Some believe that managing anxiety and stress could be as easy as visiting your local acupuncturist. What does the research say?

Most people experience some level of anxiety or stress in daily life. It could be short term, long term, or maybe you live with an anxiety disorder and experience frequent symptoms.

When feelings of anxiety become overwhelming, you might be curious about alternative therapies as a way to manage symptoms.

Acupuncture is an alternative, or complementary, treatment that can be traced back to ancient Chinese medical practices. Trained professionals perform acupuncture by inserting fine, sterile needles into the skin to stimulate “acupoints” throughout the body.

While it’s unclear exactly how acupuncture works, a growing body of research supports the use of this therapy for everything from smoking cessation to emergency room pain management.

The way acupuncture helps anxiety and anxiety disorders may be similar to how it helps with pain control.

Because acupuncture targets nerves and tissue connection sites, experts believe it may jump-start your body into producing pain-relieving neurotransmitters and hormones.

Many medications used to treat anxiety also work by stimulating or regulating the production of these important chemicals in the brain.

A neuroscience research review from 2013 found significant evidence supporting the theory that acupuncture directly influenced these types of chemical changes.

When it comes to acupuncture and anxiety, research is ongoing. Many individual studies reveal promising results, but reviews of those studies are sometimes mixed.

Two reviews from 2021 found there were potential benefits for using acupuncture to treat anxiety.

The first review evaluated 20 randomized controlled trials in both English and Chinese. The trials focused on generalized anxiety disorder (GAD), and suggested that acupuncture was effective in helping people manage symptoms.

Study authors noted, however, more high-quality studies should be done to better understand the role of acupuncture in anxiety treatment.

The second review looked specifically at preoperative anxiety.

Twelve studies were evaluated. Researchers reported a potential benefit in anxiety reduction through acupuncture. Like the first review, however, researchers cautioned some studies included in the analysis were low quality and had small sample sizes.

The same pattern was seen in a 2019 analysis of available acupuncture reviews.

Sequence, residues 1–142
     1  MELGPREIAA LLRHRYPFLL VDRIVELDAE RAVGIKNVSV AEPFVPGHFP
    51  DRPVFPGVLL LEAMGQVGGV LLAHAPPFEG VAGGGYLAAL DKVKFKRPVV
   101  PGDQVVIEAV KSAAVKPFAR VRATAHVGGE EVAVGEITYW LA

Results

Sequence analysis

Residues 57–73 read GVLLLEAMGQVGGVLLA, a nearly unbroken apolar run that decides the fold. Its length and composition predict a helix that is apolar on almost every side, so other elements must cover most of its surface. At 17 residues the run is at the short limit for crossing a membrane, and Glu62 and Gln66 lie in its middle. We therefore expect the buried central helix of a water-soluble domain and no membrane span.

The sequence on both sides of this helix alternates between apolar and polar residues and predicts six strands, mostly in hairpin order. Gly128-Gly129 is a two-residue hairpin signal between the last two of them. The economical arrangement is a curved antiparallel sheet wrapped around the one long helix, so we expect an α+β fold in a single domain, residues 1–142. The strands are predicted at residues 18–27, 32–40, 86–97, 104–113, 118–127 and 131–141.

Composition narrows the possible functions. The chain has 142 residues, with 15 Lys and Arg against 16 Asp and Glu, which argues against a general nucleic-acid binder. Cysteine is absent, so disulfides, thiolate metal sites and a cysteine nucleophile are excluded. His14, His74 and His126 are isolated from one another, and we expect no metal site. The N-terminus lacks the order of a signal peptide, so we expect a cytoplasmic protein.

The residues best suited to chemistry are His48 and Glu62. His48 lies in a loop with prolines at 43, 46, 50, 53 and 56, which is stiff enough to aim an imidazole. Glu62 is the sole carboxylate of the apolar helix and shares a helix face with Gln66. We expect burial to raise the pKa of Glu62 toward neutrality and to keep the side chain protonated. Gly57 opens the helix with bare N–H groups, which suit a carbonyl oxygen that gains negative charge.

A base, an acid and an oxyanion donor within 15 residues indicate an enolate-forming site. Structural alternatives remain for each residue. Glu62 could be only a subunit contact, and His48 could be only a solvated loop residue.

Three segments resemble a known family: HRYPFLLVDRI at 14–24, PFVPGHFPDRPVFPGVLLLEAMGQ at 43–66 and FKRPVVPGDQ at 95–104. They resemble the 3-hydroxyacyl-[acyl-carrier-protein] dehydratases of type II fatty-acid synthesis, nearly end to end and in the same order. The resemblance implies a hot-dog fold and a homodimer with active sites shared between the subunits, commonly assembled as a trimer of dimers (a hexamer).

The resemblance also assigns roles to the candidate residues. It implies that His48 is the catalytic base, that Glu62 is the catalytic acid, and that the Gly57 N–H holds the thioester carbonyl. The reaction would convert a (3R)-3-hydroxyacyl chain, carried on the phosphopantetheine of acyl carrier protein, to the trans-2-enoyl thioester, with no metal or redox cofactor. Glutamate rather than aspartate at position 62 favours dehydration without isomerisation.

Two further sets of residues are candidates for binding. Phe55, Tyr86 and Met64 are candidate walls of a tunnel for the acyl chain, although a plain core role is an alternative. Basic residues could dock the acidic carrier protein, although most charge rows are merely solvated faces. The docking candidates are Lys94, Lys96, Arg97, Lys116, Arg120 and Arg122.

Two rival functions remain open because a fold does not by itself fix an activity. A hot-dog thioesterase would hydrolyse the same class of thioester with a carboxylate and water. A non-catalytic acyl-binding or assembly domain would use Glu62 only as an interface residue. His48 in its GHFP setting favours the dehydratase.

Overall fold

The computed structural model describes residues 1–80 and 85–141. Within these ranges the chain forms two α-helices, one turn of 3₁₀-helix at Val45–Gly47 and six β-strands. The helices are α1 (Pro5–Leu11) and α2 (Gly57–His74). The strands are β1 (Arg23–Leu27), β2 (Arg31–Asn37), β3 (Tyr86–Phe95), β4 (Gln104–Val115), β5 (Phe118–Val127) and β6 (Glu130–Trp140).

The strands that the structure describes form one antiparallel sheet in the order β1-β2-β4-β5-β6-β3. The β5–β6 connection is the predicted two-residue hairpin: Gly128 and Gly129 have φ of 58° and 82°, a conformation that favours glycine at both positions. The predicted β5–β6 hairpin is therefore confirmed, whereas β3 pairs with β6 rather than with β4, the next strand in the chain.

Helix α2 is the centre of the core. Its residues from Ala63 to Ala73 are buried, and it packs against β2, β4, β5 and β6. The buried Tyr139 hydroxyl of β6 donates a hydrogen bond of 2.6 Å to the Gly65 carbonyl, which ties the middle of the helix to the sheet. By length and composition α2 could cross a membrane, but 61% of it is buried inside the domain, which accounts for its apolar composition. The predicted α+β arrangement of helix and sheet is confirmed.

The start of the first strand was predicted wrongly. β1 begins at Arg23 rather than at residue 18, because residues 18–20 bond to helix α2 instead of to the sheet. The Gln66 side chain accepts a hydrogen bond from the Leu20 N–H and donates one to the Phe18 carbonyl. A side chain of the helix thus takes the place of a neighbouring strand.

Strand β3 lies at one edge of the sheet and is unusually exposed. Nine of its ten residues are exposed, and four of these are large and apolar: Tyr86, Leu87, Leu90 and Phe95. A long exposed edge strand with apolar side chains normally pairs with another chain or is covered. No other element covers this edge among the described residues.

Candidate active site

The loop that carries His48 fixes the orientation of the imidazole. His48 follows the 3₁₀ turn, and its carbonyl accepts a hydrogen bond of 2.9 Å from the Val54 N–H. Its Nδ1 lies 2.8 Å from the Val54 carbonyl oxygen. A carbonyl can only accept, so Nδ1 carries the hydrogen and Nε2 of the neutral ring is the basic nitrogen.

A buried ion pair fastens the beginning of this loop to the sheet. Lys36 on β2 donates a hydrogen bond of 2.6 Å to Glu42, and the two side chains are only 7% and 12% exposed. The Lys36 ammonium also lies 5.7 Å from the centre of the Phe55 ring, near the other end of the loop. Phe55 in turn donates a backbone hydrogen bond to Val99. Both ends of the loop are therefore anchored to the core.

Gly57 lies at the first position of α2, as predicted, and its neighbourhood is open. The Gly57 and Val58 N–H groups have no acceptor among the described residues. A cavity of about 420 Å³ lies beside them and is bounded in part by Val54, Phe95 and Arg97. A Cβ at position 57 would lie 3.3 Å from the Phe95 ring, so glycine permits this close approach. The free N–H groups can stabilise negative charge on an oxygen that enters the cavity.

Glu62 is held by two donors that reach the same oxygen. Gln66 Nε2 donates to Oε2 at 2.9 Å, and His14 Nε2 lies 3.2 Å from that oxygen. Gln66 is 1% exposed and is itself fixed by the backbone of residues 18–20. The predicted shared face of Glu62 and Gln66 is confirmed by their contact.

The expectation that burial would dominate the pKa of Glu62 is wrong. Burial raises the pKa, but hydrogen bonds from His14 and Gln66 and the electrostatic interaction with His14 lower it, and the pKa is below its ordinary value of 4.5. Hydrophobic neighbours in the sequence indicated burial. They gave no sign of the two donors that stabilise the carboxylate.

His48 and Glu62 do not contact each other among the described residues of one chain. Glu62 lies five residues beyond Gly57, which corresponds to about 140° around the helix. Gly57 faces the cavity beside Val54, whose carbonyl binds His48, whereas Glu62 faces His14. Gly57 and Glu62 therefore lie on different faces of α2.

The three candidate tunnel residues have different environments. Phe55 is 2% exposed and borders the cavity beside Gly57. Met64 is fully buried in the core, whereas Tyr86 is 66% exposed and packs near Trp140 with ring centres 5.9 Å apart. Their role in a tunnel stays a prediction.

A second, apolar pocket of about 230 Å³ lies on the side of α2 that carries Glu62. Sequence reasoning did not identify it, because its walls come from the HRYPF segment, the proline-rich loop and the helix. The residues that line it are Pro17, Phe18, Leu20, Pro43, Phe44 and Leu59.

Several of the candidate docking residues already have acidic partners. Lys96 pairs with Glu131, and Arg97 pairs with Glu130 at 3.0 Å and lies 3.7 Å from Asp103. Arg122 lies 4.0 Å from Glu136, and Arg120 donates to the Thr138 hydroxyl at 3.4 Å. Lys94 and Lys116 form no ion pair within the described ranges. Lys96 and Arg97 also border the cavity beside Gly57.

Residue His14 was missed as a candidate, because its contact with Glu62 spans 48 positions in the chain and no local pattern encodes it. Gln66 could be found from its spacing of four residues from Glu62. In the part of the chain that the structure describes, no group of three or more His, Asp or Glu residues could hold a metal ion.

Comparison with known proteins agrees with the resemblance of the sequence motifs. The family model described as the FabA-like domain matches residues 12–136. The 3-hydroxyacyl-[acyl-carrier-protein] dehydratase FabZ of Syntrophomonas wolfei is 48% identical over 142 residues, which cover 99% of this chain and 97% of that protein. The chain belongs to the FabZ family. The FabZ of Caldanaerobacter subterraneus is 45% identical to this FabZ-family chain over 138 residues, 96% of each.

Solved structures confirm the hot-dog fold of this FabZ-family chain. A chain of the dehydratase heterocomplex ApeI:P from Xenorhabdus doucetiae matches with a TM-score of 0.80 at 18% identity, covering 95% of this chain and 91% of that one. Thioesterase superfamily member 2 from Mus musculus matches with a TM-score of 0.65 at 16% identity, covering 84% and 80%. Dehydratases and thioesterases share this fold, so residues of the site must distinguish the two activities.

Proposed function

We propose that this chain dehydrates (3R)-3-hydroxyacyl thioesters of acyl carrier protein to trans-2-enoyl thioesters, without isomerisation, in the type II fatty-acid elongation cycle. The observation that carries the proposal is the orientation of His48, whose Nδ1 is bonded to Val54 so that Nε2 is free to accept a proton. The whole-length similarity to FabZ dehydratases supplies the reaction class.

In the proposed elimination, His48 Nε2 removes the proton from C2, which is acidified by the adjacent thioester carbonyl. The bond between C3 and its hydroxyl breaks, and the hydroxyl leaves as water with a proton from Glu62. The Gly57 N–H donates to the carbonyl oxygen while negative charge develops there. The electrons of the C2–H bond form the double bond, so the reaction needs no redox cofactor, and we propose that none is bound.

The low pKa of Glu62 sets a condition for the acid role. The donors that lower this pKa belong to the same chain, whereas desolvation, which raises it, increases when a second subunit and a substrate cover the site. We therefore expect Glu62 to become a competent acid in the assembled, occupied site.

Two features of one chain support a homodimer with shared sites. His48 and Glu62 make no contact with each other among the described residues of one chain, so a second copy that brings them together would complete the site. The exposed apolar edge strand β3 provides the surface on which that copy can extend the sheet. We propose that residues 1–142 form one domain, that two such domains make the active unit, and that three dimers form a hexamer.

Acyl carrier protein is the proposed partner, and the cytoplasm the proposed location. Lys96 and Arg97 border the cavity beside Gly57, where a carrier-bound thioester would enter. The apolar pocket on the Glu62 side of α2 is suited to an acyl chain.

In this evaluation, 10 reviews were assessed. Most reviews suggested that acupuncture was more effective than controls in treating anxiety, but researchers noted that the quality of the studies evaluated were often poor.

So, does acupuncture work for anxiety or not?

Overall, existing research tends to support the use of acupuncture for anxiety treatment.

While some studies were found lacking when it came to randomization or sample size, their results were still similar to higher-quality studies included in the reviews.

The presence of low-quality studies doesn’t mean acupuncture doesn’t work. It only means more large-scale research is needed to confirm the findings.

How soon you see results from acupuncture will depend on your anxiety symptoms and their causes.

Short-term anxiety, like what you may experience before medical procedures, can respond immediately to acupuncture treatment. Other forms of anxiety may take several sessions before you notice results.

If you’re interested in trying acupuncture for anxiety, try asking local, licensed acupuncturists how many sessions they typically recommend.

Acupuncture is considered to be very safe. There’s no evidence to suggest it can make anxiety worse.

That being said, carefully selecting your acupuncturist can help decrease the chances you may experience a complication.

The Food and Drug Administration (FDA) regulates acupuncture needles. They’re considered medical devices and may only be used by licensed professionals.

Many of the complications associated with acupuncture come from improper technique, unlicensed use, or unsterile needles.

You may want to consult with a doctor before acupuncture if you’re pregnant or if you’re experiencing:

  • a bleeding disorder
  • seizures
  • a skin disorder
  • chronic infection

Acupuncture is an ancient Chinese medical practice that involves inserting thin needles into the skin.

While it’s considered an alternative therapy, meaning it’s not standard in clinical practice, research suggests it may have a number of health benefits.

These potential benefits, such as relief from anxiety, may be due to how acupuncture needles stimulate nerves and chemical responses throughout the body.

If you’re considering acupuncture as a way to manage anxiety symptoms, a healthcare professional may be able to help you select a licensed acupuncturist.

You can also search the National Certification Commission for Acupuncture and Oriental Medicine directory for a board certified, licensed professional near you.

Finding an acupuncture professional who is licensed and uses proper sterilization techniques can help lower the chances of complications from the treatment.